The Palestinian public has learned by bitter experience not to trust either U.S. governments or any of the American presidents who have served during the long years of the Palestinian-Israeli conflict.
- With Trump, against Israel's annexationist right
- Trump leaves for Vatican after 27 hours in Israel and the Palestinian Authority
- Trump tells Israelis: Arab leaders ready to take steps toward Israel if peace process gains pace
- For 40 years, I’ve fought for Israeli-Palestinian peace. But a Trump-brokered deal? No thanks
In the eyes of the Palestinian public, while America blindly supports Israel with billions of dollars every year, it has consistently used its veto right in the UN security council against resolutions attempting to protect the Palestinians from Israeli violations of their human rights.
Some Palestinians expressed hope and expectations for progress with the Clinton administration, until the Palestinian-Israeli talks fell apart and the second Intifada erupted. Some retained those hopes after Barak Obama's election. But as the U.S. continued its one-sided support to Israel under his administration too, those hopes were eventually lost.
Despite the commentaries declaring optimism, the vast majority of Palestinians, and the wider Arab or Muslim public, do not hold believe the Trump administration offers them any positive prospects.
His election campaign targeted Muslims and Arab and Islamic countries, even those considered as the U.S.'s strategic allies. Trump deliberated tried to humiliate Saudi Arabia and the Gulf countries, saying without American protection those countries would not survive; he said that Kuwait's only distinguishing feature was its wealth, that during Saddam Hussein's occupation Kuwaitis fled while Americans spent money and lost lives to liberate their country without receiving the substantial compensation it 'deserved'.
Trump was very clear about his support to Israel during the campaign, far more than Clinton. His victory triggered relief amongst Israelis, but shock among Palestinians. The Israeli government's attempt to harvest the maximum political gain from Trump's election has only increased tension with the Palestinians.
The Palestinians' greatest disappointment resulted from the backward steps Trump has taken in relation to Israeli settlements and the establishment of a Palestinian state. Israeli government ministers called even more loudly for retracting the very notion of a Palestinian state. Donald Trump has declared a Palestinian state is not an intrinsic part of solving the conflict, and that settlements are not necessarily an obstacle to peace.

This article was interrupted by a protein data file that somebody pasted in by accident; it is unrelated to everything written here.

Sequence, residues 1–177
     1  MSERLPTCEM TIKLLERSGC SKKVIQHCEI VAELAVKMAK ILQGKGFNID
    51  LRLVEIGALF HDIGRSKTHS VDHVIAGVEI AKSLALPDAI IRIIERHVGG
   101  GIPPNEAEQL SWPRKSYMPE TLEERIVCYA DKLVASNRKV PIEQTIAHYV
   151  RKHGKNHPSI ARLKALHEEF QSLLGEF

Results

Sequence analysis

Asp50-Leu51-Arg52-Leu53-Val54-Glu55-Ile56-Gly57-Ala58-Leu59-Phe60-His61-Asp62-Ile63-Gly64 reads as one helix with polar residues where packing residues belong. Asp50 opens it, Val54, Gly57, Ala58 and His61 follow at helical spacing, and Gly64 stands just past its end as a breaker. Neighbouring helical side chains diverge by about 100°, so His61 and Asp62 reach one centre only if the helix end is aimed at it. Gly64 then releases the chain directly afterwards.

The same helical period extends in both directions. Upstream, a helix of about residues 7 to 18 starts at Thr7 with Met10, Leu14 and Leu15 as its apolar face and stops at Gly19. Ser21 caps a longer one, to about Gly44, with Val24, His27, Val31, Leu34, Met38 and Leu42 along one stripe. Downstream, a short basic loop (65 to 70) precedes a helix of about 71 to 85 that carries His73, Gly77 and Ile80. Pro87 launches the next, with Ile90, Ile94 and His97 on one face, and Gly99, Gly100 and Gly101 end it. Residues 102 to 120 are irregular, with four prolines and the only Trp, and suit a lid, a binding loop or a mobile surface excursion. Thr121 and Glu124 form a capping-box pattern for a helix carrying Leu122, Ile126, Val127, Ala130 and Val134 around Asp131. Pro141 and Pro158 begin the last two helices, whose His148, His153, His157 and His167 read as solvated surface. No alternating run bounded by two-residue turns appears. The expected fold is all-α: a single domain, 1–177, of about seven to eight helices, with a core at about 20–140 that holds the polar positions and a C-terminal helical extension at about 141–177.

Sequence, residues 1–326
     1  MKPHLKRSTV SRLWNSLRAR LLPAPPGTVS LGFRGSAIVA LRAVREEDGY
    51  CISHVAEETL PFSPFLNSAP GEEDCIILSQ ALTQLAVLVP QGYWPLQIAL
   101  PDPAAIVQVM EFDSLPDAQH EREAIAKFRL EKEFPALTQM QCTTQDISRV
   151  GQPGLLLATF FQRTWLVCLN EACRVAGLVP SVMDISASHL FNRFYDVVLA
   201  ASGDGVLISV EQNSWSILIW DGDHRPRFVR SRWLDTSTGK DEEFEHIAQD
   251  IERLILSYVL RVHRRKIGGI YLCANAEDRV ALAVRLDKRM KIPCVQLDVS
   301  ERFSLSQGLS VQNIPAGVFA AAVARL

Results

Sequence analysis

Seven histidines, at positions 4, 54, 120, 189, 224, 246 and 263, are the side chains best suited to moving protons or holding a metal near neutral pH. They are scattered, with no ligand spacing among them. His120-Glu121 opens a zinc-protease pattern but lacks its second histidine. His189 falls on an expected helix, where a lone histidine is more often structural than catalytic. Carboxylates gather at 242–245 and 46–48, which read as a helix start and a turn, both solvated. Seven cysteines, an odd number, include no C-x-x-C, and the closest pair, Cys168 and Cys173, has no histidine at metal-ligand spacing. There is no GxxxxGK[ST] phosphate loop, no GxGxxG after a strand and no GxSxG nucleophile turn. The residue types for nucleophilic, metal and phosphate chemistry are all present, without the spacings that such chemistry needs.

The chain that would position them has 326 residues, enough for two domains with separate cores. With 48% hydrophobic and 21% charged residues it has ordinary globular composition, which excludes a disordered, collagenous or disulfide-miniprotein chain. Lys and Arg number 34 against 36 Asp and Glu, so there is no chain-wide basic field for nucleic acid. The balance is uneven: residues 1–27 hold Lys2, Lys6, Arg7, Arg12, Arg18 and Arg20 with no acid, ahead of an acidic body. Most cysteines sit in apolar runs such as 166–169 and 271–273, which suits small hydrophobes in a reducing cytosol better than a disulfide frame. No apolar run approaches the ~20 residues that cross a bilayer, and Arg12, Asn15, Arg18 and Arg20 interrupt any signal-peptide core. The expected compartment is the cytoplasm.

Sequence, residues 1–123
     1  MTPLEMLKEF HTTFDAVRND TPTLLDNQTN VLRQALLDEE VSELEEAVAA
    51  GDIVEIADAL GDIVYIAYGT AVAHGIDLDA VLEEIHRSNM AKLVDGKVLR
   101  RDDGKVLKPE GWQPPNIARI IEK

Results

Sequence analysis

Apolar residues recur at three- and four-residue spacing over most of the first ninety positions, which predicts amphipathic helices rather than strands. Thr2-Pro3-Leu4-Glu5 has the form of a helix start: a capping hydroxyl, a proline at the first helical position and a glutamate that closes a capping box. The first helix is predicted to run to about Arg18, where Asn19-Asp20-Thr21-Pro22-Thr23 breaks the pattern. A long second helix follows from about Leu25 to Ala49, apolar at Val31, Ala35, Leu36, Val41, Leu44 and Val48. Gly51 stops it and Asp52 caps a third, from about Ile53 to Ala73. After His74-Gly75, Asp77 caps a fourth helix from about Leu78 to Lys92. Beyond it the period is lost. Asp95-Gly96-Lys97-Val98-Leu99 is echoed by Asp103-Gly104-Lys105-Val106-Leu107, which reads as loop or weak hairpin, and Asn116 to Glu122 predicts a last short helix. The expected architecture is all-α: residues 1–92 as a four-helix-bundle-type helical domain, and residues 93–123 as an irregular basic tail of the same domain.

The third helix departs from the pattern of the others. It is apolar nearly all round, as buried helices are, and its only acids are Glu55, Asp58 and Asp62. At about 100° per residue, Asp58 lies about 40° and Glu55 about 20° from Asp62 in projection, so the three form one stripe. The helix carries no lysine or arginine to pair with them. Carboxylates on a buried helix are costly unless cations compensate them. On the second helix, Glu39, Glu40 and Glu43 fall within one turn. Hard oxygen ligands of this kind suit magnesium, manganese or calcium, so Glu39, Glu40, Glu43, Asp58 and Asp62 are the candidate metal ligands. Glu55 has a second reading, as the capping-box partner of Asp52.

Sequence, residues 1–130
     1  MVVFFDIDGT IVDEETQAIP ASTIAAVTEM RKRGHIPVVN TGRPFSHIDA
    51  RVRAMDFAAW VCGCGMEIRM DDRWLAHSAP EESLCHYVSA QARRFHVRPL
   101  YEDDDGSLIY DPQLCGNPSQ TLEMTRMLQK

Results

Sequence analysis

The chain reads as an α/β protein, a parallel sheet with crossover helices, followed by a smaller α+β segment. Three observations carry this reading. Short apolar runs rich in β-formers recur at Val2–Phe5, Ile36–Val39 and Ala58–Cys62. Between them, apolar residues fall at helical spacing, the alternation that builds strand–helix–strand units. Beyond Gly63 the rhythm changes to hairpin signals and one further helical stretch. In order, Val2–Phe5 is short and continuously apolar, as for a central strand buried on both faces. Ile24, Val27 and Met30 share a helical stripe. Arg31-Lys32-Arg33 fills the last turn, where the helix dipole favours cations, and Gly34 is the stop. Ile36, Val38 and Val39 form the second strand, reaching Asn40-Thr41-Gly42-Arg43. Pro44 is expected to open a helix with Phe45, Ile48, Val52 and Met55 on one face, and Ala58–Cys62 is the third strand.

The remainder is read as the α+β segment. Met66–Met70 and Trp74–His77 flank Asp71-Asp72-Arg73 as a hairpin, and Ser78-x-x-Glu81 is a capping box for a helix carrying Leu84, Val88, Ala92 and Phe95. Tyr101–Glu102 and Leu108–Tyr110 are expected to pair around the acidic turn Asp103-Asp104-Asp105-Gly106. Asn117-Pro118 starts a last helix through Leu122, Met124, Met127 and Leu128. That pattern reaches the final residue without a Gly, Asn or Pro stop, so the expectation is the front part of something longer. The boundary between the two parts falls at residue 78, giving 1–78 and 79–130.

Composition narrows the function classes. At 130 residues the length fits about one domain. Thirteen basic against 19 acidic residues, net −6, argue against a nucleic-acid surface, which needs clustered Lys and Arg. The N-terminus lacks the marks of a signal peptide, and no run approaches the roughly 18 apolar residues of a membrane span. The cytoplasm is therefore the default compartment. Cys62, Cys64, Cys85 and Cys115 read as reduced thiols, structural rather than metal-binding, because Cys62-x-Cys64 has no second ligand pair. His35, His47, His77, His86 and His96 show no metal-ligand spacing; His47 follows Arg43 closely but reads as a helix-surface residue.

Most Palestinians never really believed past talk by the Israeli and American governments on establishing a Palestinian state. The 'state' to which Obama and Netanyahu related involved making small changes only to the current situation – as an 'achievement' to declare the end to the conflict. Trump's positions are taken by Palestinians as a sign that even this declarative aim has now been shelved, and that U.S. diplomacy now even more directly backs Israel's positions.
Trump may have withdrawn his promise to move the U.S. embassy from Tel Aviv to Jerusalem. But Ambassador David Friedman's contention, that he would move the focus of his work schedule to Jerusalem, is seen by Palestinians as a step that effectively promotes the same policy.
Trump’s visit to Saudi Arabia also triggered disappointment for Palestinians. His inclusion of Hamas, which has wide popular support, as a terrorist organization, was a disappointment, although fewer Palestinians expressed unhappiness with the terrorist designations for Iran and Hezbollah.
The deals signed by Trump there are clearly meant to actualize his campaign demands that the Gulf countries pay for American protection. On Facebook, many Palestinians wondered why the Gulf was investing so heavily in arms when those same financial resources could have brought immense humanitarian relief to Gaza, let alone assist the development of poorer Arab states and their poverty-stricken inhabitants.
The Palestinians have had high expectations that the month-long hunger strike by nearly 1500 Palestinian prisoners in Israeli prisons for better conditions would not only achieve its aims, but on the way would expose the Israeli authorities to significant negative publicity, not least if the health of the hunger strikers deteriorated seriously during Trump's visit. This hasn't happened, and tension regarding the strike is rising to critical levels in the West Bank, Gaza and among Palestinians in the diaspora. Further protests are inevitable.
Another factor raising the temperature on the Palestinian street were reports that Donald Trump's advisors nixed his visit to Bethlehem's Church of the Nativity because of the presence of a protest tent in support of the hunger strikers in Manger Square. There was widespread Palestinian anger, not only among the families of the detainees, that American security officials had asked for the tent's removal as a pre-condition for the president's visit.
Palestinian intellectuals and political activists are pessimistic about the real goal of Donald Trump's visit. They consider it likely that his game plan is to restart negotiations to pressure the Palestinians to agree on yet another transitional agreement, one that would not guarantee freezing the expansion of settlements expansion, nor of land confiscation in the West Bank. Many believe Donald Trump's administration will not take any meaningful action to preserve the already-endangered potential viability of a future Palestinian state, and will empower Israel's policy of colonization in the West Bank.
Hisham Sharabati is a Palestinian political analyst living in Hebron, a field worker with the Palestinian human rights organization AlHaq and an activist with the Hebron Defense Committee.